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The Common Law, Reasons and Administrative Justice

Published online by Cambridge University Press:  16 January 2009

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Extract

The capacity of the common law to develop and evolve is well recognised within both private and public law. This is indeed one of its enduring qualities. The objective of the present article is not, however, to contribute to the jurisprudential debate concerning the nature of the adjudicative process at common law. My object is more modest. It is to consider and place in perspective some of the recent developments which have occurred at common law in relation to the duty of public authorities to provide reasons. It is a well known and oft repeated proposition that there is no general common law duty to furnish the reasons for a decision. It is equally well known that this proposition has been the target of regular attack by those who argue that such a general duty should exist. A reconsideration of both of these propositions is timely in the light of case law developments culminating in the House of Lords' judgment in R. v. Secretary of State for the Home Department, ex p. Doody.

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Articles
Copyright
Copyright © Cambridge Law Journal and Contributors 1994

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References

1 [1993] 3 All E.R.92. (See also the note at p. 207 above.)

2 See generally Akehurst, “Statements of Reasons for Judicial and Administrative Decisions” (1970) 33 M.L.R. 154; Flick, “Administrative Adjudications and the Duty to Give Reasons—A Search for Criteria” [1978] P.L. 16; Richardson, “The Duty to Give Reasons: Potential and Practice” [1986] P.L. 437. See also Galligan, “Judicial Review and the Textbook Writers” (1982)Google Scholar 2 O.J.L.S. 257.

3 “Job Security and Due Process: Monitoring Administrative Discretion Through a Reasons Requirement” 44 U.Chi.L.Rev. 60, 77–78 (1976).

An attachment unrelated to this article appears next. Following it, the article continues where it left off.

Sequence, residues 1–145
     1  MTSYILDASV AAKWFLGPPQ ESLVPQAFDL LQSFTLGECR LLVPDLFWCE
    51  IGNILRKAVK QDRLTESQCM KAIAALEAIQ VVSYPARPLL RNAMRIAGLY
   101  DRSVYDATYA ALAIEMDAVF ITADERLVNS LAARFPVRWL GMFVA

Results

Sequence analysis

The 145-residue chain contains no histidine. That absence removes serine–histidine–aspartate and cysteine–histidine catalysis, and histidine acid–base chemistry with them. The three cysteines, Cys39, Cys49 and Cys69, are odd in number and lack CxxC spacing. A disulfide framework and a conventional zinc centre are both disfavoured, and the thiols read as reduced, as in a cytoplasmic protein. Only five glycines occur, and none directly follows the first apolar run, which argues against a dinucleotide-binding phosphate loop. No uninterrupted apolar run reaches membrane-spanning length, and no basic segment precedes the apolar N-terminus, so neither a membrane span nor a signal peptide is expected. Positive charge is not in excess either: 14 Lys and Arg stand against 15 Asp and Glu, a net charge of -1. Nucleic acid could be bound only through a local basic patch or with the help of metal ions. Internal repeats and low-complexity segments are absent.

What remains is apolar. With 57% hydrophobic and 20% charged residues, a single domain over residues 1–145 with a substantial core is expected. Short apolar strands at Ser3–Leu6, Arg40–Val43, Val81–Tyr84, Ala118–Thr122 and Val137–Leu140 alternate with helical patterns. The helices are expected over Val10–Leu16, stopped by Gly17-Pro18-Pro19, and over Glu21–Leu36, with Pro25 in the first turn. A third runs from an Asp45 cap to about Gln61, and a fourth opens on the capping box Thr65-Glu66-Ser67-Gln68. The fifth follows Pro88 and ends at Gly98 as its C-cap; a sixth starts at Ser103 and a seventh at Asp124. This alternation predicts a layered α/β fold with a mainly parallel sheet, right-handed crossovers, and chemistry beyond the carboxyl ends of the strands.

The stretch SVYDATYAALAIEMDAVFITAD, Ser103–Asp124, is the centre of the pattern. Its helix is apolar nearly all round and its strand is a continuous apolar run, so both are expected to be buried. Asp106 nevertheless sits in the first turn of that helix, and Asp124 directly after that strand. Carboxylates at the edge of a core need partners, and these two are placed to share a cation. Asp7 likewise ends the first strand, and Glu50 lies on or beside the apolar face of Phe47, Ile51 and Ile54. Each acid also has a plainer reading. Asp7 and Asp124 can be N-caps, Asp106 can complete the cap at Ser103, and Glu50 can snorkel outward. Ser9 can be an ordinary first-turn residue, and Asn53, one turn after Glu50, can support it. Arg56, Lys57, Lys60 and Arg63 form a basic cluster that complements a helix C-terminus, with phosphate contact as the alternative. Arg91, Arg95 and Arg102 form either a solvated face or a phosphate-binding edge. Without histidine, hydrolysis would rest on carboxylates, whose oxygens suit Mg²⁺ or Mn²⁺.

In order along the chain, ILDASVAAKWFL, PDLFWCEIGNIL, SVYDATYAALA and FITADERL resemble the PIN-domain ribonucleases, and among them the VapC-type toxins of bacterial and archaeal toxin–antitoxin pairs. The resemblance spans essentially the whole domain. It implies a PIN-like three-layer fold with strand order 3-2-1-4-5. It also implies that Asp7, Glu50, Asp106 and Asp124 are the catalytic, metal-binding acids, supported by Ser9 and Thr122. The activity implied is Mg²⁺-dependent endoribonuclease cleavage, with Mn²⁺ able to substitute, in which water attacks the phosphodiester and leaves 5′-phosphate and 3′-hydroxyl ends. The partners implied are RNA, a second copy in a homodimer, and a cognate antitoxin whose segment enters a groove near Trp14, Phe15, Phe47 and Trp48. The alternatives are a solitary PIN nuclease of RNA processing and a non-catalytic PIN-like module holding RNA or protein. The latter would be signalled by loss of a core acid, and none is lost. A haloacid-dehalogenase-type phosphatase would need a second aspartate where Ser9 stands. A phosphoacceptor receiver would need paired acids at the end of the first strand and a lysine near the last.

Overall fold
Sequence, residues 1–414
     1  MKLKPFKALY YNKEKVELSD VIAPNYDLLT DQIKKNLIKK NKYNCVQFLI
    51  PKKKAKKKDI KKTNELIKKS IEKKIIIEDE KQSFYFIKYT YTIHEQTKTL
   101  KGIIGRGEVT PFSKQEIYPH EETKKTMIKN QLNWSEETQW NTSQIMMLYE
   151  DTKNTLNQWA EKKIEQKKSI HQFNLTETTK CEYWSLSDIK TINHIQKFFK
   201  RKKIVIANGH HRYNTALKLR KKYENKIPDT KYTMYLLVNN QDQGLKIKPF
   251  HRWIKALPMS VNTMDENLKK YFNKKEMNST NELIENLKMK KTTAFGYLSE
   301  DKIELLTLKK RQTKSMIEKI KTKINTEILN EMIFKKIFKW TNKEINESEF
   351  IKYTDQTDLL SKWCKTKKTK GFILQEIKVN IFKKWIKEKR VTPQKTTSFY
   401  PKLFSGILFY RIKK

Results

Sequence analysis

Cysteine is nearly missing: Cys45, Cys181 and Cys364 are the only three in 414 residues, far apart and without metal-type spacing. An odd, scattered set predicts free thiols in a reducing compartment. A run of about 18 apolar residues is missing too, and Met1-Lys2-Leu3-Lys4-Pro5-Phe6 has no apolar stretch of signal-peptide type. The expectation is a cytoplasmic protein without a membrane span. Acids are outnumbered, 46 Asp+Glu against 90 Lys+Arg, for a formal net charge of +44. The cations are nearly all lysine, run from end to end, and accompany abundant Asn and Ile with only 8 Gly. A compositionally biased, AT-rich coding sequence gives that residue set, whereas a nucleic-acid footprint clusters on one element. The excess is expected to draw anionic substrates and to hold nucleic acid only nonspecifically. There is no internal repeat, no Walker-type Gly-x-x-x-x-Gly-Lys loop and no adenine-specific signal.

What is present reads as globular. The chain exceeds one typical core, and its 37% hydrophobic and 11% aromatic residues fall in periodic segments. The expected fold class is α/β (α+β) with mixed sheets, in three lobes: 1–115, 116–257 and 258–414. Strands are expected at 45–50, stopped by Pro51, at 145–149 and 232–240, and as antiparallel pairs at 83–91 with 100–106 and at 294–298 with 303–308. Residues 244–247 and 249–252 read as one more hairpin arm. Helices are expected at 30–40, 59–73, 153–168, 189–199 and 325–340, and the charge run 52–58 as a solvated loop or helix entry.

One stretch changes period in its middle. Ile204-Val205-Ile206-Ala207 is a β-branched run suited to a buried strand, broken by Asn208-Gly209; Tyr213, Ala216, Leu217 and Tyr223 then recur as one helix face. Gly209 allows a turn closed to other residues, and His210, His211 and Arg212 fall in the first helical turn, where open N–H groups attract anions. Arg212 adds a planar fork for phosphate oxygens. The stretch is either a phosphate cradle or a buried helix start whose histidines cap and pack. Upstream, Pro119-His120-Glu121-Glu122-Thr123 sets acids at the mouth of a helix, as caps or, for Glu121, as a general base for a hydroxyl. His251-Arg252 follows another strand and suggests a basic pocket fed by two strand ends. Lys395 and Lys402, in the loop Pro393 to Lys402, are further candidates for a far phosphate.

4 Craig, , Administrative Law (2nd ed., London 1989)Google Scholar, p. 200.

5 [1993] 3 All E.R.92.

6 Ibid. p. 98.

7 [1947] A.C.09.

8 Ibid. p. 123.

9 See, e.g., R. v. Secretary of Stale for the Home Department, ex p. Dannenburg [1984] Q.B. 766; Alexander Machinery (Dudley) Ltd. v. Crabtree [1974] I.C.R. 120.

10 1973 1 W.L.R. 45.

11 Ibid. p. 49.

12 [1994] 1 All E.R. 315.

13 R. v. Secretary of Stale for the Home Department, ex p. Doody [1993] 3 All E.R. 92.

14 [1993] 3 All E.R.92, 111.

15 Craig, , op cit. note 4 above, pp. 304305Google Scholar; Harden, and Lewis, , The Noble Lie, The British Constitution and the Rule of Law (London 1986)Google Scholar.

16 Padfield v. Minister of Agriculture. Fisheries and Food [1968] A.C. 997.

17 Ibid. pp. 1030–1034.

18 Ibid. pp. 1058–1060.

19 Ibid. pp. 1053–1054.

20 [1972] 2 Q.B. 455.

21 [1989] 1 W.L.R. 525.

22 Craig, “Legitimate Expectations: A Conceptual Analysis” (1992) 108 L.Q.R. 79.

23 [1972] 2 Q.B. 299.

24 Ibid. p. 308.

25 Ibid. p. 311.

26 [1984] 1 W.L.R. 1337.

27 Ibid. p. 1344.

28 Cf. R. v. Secretary of Stale for Transport, ex p. Richmond–upon–Thames London Borough Council [1994] 1 All E.R. 577, 596–597, where Laws J. held that the court should not substitute its decision as to what the public interest demands for that of the public authority, but went on to hold that a change of policy was nonetheless subject to review on Wednesbury grounds in the same way as any other discretionary decision.

29 [1991] 4 A11 E.R. 310.

30 The applicant was deemed to be employed in the police service and therefore could not appeal to an industrial tribunal: Employment Protection (Consolidation) Act 1978, s. 146.

31 [1991] 4 A11 E.R. 310, 317.

32 Ibid. p. 318.

33 Relying on Lord Bridge in Lloyd v. McMahon [1987] 1 A.C. 625, 702–703.

34 [1991] 4 A11 E.R. 310, 318.

35 Ibid. p. 319.

36 Lord Donaldson M.R. was also influenced by the fact that the Government had promised that employees who were subject to the Board would not be treated less favourably than employees who had rights before industrial tribunals. Industrial tribunals do give reasons and this lent weight to the conclusion that so too should the Board: Ibid. 319–320.

37 [1992] Q.B. 740.

38 Payne v. Lord Harris of Greenwich [1981] 1 W.L.R. 754.

39 R. v. Secretary of State for the Home Department, ex p . Gunnell (1984) The Times, 7 November.

40 Review Committee on the Parole System, Cm. 352.

41 Report of Select Committee on Murder and Life Imprisonment, HL 78–1 of 1988–89.

42 Crime, Justice and Protecting the Public, Cm. 965 (1990), paras. 6.18—6.21.

43 Thynne, Wilson and Gunnell v. UK (1990) 13 E.H.R.R. 666.

44 Criminal Justice Act 1991, s. 34. The relevant part of the Act had not yet been brought into force at the time when the applicant brought the present proceedings.

45 [1981] 1 W.L.R. 754.

46 (1984 The Times, 7 November.

47 Following R. v. Spencer, R. v. Smails [1985] Q.B. 771 and Williams v. Fawcett [1986] 1 Q.B. 604.

48 [1993] 3 All E.R. 92.

49 Ibid. p. 110.

50 Ibid. p. 106.

51 Ibid. p. 107.

52 Ibid. p. 106.

53 Ibid. pp. 109–111.

54 The Times,6 October 1993.

55 [1994] 1 All E.R. 651. (See note at p. 207 above.)

56 Ibid. p. 666.

57 Ibid. pp. 671–672.

58 Ibid. p. 665.

59 Bromley London Borough Council v. Greater London Council (1983) 1 A.C. 768.

60 Protection of the Public(London, 1990)Google Scholar, p. 92.

61 EC Tready, Art. 190. See generally, Schwarze, , European Adminsitrative Law (London, 1992), pp. 14001416.Google Scholar